By Melissa Espinoza
Homework, papers, midterms, studying, work, family, friends, life, extra circulars, stress, etc. The list of stress in an average day of a college student are never ending but what happens to students who falter under the weight of these stress and don’t meet the designated GPA requirement? That student falls under the category of academic “probation” or sometimes “disqualification.”
Being disqualified from a university doesn’t mean your college career is over or tarnished. One student’s come back-story is that of Gustavo Moreno, a 22-year-old, kinesiology major. After his first year as a transfer student at HSU, he was disqualified because of poor grades.
“I didn’t feel bad about it at first because I knew I would come back to school however, as time went on it began to hit me,” said Moreno.
He took a year off and spent his time working two jobs to help pay for future tuition costs. Typically when a student is disqualified they have to wait one semester before reapplying but Moreno chose to take a year off because he rationalized that it would be smarter to wait until the distractions he was facing dissipated.
The best resource he had when he began the process of reapplying was HSU’s Learning Center.
“The Learning Center was a great resource during my application process,” Moreno said. “They told me all the necessary steps that I needed to take and made the whole process a lot easier.”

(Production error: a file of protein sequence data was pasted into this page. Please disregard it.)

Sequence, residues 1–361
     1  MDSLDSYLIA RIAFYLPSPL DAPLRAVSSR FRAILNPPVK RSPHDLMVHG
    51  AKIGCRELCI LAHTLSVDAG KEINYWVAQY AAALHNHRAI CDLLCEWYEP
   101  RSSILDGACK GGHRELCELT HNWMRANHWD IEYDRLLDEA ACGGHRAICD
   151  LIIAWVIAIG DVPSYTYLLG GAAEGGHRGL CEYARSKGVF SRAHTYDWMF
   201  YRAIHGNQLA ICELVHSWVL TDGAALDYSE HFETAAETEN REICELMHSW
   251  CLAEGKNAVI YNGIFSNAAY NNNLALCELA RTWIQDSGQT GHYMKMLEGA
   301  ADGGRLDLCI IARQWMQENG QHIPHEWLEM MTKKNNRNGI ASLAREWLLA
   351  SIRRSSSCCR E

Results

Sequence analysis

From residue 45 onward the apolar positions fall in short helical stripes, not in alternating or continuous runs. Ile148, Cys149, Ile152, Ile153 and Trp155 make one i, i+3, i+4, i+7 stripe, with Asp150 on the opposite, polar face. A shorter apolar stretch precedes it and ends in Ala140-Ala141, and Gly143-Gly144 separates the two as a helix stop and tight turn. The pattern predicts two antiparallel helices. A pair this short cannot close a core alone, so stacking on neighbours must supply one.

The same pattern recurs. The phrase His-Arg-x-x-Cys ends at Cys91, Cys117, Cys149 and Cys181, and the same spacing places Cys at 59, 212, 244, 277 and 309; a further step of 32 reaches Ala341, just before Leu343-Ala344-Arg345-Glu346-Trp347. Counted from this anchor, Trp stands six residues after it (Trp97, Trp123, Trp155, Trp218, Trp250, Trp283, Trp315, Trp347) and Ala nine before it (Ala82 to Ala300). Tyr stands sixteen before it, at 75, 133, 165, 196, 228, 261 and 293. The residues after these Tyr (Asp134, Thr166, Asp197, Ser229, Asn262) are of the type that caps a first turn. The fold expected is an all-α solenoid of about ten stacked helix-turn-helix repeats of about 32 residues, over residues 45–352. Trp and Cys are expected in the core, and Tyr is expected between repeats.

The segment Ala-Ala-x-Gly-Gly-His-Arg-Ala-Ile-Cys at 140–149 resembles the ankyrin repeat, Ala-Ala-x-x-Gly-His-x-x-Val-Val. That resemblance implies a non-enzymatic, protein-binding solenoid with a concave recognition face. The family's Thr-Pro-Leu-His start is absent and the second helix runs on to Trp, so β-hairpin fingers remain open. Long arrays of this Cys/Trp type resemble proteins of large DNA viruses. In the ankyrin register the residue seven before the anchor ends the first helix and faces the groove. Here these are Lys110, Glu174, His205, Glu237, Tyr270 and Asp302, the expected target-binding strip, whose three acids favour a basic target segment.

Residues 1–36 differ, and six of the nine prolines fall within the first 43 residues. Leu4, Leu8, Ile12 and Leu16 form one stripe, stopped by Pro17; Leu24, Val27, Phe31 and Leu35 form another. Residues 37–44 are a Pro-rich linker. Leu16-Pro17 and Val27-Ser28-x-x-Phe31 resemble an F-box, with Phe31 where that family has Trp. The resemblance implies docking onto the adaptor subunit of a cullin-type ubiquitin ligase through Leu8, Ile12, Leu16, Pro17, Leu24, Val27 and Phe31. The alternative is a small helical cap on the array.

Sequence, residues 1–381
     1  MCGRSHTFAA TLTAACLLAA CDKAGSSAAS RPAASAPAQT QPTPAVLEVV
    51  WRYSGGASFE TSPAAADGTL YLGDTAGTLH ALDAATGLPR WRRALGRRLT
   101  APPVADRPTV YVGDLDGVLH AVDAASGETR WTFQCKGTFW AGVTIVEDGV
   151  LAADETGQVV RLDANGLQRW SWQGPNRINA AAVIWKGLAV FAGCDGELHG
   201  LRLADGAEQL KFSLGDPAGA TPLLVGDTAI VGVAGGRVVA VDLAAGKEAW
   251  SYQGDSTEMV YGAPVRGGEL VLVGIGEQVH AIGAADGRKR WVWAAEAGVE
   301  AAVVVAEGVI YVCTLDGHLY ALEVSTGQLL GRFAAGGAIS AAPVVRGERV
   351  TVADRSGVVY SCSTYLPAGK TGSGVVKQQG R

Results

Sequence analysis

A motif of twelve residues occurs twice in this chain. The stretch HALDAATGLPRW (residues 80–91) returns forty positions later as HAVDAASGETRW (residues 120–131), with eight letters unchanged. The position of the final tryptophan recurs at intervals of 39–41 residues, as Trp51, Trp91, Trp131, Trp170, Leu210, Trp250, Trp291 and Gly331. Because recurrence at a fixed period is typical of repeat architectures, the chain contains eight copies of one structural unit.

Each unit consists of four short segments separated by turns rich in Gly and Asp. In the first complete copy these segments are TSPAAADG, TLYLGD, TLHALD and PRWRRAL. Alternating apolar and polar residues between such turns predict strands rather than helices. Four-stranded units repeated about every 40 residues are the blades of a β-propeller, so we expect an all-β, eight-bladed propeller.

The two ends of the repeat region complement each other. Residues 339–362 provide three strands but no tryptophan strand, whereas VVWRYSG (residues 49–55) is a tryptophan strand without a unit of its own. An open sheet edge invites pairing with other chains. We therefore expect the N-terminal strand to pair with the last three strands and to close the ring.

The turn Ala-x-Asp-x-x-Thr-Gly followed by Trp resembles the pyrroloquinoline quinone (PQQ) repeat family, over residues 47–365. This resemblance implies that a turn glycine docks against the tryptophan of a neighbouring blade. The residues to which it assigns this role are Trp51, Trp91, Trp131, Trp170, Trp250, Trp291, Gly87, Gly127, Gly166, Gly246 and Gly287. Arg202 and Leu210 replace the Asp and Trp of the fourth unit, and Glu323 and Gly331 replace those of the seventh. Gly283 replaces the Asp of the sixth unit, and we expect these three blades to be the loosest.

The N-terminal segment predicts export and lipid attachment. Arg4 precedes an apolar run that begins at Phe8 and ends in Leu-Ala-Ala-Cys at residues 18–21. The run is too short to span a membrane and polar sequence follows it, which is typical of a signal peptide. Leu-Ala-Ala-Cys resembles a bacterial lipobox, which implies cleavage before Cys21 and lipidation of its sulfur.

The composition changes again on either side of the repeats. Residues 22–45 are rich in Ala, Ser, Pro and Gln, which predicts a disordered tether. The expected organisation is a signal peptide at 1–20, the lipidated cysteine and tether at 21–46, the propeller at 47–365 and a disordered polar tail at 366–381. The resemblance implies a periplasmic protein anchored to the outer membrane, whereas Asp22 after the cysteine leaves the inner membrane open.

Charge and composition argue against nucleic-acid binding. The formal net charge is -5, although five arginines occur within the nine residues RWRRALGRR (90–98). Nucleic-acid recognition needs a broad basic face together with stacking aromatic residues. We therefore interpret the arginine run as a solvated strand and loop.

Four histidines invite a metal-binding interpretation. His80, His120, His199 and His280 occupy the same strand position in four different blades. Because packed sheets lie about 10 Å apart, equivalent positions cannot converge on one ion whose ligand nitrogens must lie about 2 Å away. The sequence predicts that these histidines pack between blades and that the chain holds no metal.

Moreno credited the Learning Center with helping him transition back to school smoothly. But it wasn’t painless.
“I had to wait an agonizing two months before I found out that I was reinstated,” he said “It was really terrifying I wasn’t sure what I would do if the school didn’t take me back.”
In attempts to help students on track to graduating Humboldt State students are placed on academic probation if their GPA falls below a 2.0 (either their overall GPA or HSU GPA).
“The purpose of academic probation is to alert you that you are in danger of being disqualified from the university,” Cai Maver, an academic probation adviser, said. HSU’s learning center is a free resource for students to use to avoid academic probation and disqualification. They offer tutoring, supplemental instruction, test preparation, workshops and as much hands-on help as students require.
“There are many variables involved when a student is in the probation process and each student’s case is different,” Maver said. “I’ve witnessed a student take 19 units and receive straight F’s [and be on probation] and the next take 12 units and have all A’s but still be disqualified because they have 19 units of fails against their GPA.”
This fall is Moreno’s first semester back and he is determined to do better than ever and is taking full advantage of all the resources the school has to offer.
“I’m in a better place than I was a year ago,” Moreno said. “I actually spend time to thoroughly complete my homework. I go to the library almost everyday, and enrolled in a weight training class to help control my stress levels. I know the coming years won’t be easy but taking a semester off really put things in perspective.”